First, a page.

Sai's

Karate Dad

Yellow Belt
Joined
Feb 21, 2005
Messages
33
Reaction score
1
Location
Burlington, CT
I can't seem to find a pair of Sai's I like. I currently use a fairly standard pair of chrome sai's when I train but I am looking for a lightweight pair I can use during competitions. The aluminum Sai's I've seen (sold by Century, I think) don't have enough weight in the tip or handle to effectively spin them to/from defensive and offensive positions (although they do come in blue or pink :rolleyes: ). What are you folks using? Any ideas on who is selling lightweight, competition sai's?

John
 

RRouuselot

Master of Arts
Joined
May 6, 2004
Messages
1,540
Reaction score
70
Location
Tokyo
Karate Dad said:
I can't seem to find a pair of Sai's I like. I currently use a fairly standard pair of chrome sai's when I train but I am looking for a lightweight pair I can use during competitions. The aluminum Sai's I've seen (sold by Century, I think) don't have enough weight in the tip or handle to effectively spin them to/from defensive and offensive positions (although they do come in blue or pink :rolleyes: ). What are you folks using? Any ideas on who is selling lightweight, competition sai's?

John
No offense but why don't you just get stronger instead of buying a pair of cheap light weight sai?
The Sai, if used properly, develop good arm and shoulder strength which add power to your hand strikes.
 
OP
K

Karate Dad

Yellow Belt
Joined
Feb 21, 2005
Messages
33
Reaction score
1
Location
Burlington, CT
No offense taken.

I have tennis elbow which sai training isn't helping! I do have a series of exercises that are intended to help strengthen the area but it seems that I am always tweaking the injury. The quick fix is to lighten the weapon.

This approach is also consistent with with what healthy competitors are doing with their weapons. Competition swords, bo staffs, kamas and 'chuks are exceedingly light (not cheap either). In traditional weapon kata divisions, the weight of the weapon isn't as much of a problem since you are using the weapon in the manner it was intended. In open kata divisions, it tends to be all about "the flash"; the number and types of spins and releases one does with the weapon directly impacts your score. (Assuming that everyone has good basics of course.) In these cases, the lighter the weapon, the easier it is to accomplish more complicated manuevers.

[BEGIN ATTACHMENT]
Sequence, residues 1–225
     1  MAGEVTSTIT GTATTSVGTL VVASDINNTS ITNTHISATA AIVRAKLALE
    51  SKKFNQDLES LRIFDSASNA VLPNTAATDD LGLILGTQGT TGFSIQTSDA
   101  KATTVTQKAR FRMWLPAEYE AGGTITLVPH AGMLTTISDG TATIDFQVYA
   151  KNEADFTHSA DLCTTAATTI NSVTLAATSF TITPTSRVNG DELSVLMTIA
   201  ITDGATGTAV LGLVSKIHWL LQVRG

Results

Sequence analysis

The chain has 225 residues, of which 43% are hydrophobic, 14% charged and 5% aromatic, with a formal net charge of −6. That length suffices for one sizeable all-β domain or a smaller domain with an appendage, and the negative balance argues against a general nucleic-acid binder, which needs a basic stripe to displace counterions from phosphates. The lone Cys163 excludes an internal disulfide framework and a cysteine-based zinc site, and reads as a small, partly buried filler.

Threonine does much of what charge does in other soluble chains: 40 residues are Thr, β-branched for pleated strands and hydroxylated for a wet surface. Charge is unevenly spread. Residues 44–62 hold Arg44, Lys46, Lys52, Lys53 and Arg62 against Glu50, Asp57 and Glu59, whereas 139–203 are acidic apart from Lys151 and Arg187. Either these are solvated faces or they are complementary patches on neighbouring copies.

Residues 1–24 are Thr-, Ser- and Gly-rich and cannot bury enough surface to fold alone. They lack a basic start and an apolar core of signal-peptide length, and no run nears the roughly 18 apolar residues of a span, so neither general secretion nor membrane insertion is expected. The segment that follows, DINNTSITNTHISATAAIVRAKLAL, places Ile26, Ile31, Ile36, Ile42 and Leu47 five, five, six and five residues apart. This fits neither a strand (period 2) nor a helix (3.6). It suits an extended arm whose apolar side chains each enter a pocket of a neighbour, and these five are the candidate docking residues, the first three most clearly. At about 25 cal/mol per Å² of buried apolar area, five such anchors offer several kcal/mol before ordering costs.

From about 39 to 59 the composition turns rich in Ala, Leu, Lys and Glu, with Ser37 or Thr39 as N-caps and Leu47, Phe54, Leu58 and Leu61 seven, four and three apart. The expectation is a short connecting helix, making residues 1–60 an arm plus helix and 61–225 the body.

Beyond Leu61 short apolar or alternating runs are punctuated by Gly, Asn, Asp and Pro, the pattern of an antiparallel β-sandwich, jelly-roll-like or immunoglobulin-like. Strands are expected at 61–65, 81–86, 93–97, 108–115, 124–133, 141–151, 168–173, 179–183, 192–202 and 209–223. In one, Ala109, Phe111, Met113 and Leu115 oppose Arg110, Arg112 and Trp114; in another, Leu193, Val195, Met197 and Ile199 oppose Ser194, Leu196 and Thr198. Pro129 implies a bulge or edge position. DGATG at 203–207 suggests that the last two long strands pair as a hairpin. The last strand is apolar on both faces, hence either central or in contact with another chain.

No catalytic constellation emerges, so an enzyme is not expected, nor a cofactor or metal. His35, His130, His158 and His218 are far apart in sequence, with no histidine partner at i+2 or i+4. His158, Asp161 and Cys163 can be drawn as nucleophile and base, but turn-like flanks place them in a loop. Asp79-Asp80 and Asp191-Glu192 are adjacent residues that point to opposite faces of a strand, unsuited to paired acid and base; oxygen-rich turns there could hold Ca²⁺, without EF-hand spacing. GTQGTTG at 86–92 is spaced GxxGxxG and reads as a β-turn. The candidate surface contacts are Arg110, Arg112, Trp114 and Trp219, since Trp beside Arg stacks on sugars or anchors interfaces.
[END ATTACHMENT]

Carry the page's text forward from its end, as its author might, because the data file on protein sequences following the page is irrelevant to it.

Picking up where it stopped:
John
 

Matt Stone

Master of Arts
Joined
Dec 4, 2001
Messages
1,711
Reaction score
30
Location
Fort Lewis, Washington
Karate Dad said:
I have tennis elbow which sai training isn't helping! I do have a series of exercises that are intended to help strengthen the area but it seems that I am always tweaking the injury. The quick fix is to lighten the weapon.

But what is the long term solution? Perhaps you should continue to work with the regularly weighted weapon, with less crispness and at a slower pace, to help strengthen the muscles, tendons and ligaments rather than rush off to compete...?

This approach is also consistent with with what healthy competitors are doing with their weapons. Competition swords, bo staffs, kamas and 'chuks are exceedingly light (not cheap either). In traditional weapon kata divisions, the weight of the weapon isn't as much of a problem since you are using the weapon in the manner it was intended. In open kata divisions, it tends to be all about "the flash"; the number and types of spins and releases one does with the weapon directly impacts your score. (Assuming that everyone has good basics of course.) In these cases, the lighter the weapon, the easier it is to accomplish more complicated manuevers.

And you reach a crossroads in your training... You said in another thread that you and your daughters were studying martial arts, at least in part, for the self-defense aspect of it. You also lamented saying that their technique appeared satisfactory for such purposes, but they were having difficulty defending themselves in tournaments...

I'm beginning to think you aren't getting your money's worth...

If the instruction your two black belt eligible children and you are receiving is guiding you toward "the flash" of competition, impractical exercises, and an inability to use your skills against a competitor in a safe, rules-heavy environment, I have to question what it is you are really learning.